Monday, September 24, 2007

DRM companies fear customers are ruining its business

It must be a terrible time being a company that produces DRM technology - after all, producing a product whose mere existence makes items without attract a premium price can't be much fun.

The industry gathered together for a conference, last week's Digital Rights Strategies event in New York to shake their heads and feel generally misunderstood.

They blame the record companies and movie studios for making DRM unpopular by implementing their products in half-arsed ways:

Movielabs’ [Jim] Helman said, could be a severe consumer backlash.

“We see a huge risk of a bad consumer experience from the inability to move content among devices,” he said. “The engine is not yet on fire, and the impact won’t be quite as bad as a plane crash, but there is definitely a huge risk out there.”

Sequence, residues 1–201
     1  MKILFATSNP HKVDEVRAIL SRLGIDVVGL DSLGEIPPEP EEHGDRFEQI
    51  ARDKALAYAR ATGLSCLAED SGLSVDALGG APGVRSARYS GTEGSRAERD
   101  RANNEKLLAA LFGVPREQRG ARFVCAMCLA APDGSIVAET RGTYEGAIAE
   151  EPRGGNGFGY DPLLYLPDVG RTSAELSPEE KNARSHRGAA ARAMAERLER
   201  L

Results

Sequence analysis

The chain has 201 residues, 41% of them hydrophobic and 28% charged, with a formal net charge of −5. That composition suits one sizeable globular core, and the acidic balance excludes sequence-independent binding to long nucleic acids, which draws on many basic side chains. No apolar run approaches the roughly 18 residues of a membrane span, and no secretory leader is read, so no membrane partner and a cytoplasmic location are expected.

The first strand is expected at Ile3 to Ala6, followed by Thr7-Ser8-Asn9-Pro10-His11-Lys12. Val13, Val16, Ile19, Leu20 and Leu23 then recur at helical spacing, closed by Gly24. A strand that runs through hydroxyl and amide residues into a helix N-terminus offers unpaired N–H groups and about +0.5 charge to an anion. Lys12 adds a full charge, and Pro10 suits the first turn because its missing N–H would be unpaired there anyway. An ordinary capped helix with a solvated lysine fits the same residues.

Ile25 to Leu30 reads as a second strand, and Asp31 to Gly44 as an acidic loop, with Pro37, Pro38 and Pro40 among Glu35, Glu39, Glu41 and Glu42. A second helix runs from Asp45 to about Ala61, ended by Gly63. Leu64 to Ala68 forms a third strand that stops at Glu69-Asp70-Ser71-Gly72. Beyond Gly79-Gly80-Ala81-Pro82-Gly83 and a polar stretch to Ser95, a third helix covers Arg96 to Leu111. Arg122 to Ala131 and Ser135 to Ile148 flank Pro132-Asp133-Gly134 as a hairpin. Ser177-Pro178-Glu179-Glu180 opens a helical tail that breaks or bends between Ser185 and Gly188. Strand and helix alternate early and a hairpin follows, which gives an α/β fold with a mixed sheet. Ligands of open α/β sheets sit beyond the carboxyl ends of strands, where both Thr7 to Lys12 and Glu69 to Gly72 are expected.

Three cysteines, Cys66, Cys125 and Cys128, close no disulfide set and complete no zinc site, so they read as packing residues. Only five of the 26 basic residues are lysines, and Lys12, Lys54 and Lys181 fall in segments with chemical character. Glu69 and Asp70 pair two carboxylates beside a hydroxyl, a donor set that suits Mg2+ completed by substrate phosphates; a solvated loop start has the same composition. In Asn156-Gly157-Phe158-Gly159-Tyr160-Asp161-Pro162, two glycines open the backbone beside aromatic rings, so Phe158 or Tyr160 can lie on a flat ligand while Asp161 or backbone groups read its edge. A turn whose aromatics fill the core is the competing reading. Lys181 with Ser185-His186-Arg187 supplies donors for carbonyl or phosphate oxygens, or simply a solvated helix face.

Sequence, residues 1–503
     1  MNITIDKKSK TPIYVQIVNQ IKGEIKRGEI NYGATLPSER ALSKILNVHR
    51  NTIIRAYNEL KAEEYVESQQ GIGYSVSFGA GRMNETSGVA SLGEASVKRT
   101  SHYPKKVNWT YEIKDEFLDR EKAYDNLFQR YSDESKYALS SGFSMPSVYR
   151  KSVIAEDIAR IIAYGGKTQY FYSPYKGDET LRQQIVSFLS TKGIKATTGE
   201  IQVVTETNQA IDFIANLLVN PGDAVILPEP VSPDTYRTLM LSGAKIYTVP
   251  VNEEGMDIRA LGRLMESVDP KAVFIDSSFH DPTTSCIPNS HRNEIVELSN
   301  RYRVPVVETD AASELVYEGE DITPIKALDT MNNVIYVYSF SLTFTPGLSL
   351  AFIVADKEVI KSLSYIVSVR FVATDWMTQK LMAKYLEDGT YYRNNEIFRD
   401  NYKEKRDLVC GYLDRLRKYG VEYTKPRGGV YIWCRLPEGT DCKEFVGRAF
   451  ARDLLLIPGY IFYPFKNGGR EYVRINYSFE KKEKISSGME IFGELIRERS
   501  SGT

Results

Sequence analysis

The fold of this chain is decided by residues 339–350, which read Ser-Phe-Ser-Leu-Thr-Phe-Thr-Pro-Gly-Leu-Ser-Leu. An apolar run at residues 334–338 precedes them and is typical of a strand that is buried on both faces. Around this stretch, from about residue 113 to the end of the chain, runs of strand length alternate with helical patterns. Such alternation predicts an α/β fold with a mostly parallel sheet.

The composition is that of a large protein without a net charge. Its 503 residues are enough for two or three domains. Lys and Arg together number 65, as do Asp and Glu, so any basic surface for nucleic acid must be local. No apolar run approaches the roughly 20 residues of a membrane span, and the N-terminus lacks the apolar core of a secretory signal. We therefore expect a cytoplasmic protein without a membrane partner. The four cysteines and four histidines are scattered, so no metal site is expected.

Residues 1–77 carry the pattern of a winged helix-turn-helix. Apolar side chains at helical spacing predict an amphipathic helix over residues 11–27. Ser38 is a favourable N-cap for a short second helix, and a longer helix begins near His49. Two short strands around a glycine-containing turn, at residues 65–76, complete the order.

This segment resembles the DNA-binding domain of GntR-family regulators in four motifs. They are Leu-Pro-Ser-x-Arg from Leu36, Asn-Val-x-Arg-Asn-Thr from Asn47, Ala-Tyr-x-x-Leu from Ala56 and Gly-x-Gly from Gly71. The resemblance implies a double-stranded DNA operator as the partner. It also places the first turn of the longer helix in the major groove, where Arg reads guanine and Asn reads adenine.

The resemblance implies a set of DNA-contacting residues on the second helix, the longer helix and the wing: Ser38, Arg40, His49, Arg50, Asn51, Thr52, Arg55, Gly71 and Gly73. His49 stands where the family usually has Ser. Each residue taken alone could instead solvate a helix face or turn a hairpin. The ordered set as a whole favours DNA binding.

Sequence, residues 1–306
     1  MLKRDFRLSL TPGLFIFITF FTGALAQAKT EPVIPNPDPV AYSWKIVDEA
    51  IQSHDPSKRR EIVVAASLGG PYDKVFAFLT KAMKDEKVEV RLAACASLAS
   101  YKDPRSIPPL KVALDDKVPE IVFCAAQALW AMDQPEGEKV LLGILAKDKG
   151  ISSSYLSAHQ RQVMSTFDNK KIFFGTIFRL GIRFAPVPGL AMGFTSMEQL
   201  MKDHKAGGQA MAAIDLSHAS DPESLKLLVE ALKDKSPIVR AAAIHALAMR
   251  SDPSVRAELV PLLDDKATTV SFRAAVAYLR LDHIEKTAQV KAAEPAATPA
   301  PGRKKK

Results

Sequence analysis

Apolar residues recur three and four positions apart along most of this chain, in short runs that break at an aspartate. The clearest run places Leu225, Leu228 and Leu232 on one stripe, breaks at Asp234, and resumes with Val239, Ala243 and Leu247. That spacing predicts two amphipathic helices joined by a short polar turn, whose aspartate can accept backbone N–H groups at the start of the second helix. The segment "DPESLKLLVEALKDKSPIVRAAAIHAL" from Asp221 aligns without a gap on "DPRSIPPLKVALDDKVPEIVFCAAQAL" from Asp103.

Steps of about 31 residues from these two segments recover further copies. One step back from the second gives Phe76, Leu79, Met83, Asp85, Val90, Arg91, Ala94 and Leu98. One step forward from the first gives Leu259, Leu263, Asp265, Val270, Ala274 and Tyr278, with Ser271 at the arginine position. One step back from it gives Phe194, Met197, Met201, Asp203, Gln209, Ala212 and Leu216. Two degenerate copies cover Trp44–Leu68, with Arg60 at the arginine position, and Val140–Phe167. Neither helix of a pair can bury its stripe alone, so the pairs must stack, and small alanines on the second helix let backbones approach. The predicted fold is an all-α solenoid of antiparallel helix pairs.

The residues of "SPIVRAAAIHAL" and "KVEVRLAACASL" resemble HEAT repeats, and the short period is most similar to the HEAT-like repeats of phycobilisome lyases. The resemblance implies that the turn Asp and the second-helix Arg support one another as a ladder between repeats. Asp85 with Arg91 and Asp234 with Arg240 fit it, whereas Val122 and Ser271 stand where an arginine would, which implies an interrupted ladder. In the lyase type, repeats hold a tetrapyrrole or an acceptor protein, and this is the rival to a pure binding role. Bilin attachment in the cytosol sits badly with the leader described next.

How measured of Helman to suggest that consumers rejecting products which replace their rights with a series of rules won't be quite as bad as people burning to death in a planecrash.

What's really interesting is that even the 'experts' don't really seem to understand what they've done. Brian Lakamp is currently president of Fluxe:
“DVD was an exception,” he said. “There, we started with a usage model—you can play any disc in any player—and then designed a DRM to support that model.”

Lakamp used to be an executive for Sony Pictures, and yet he seems to believe that you could play any DVD in any DVD player. Up to a point, that's true - but only if you worked out how to wrestle off the region-specific DRM implemented by manufacturers at the behest of the likes of Sony Pictures.

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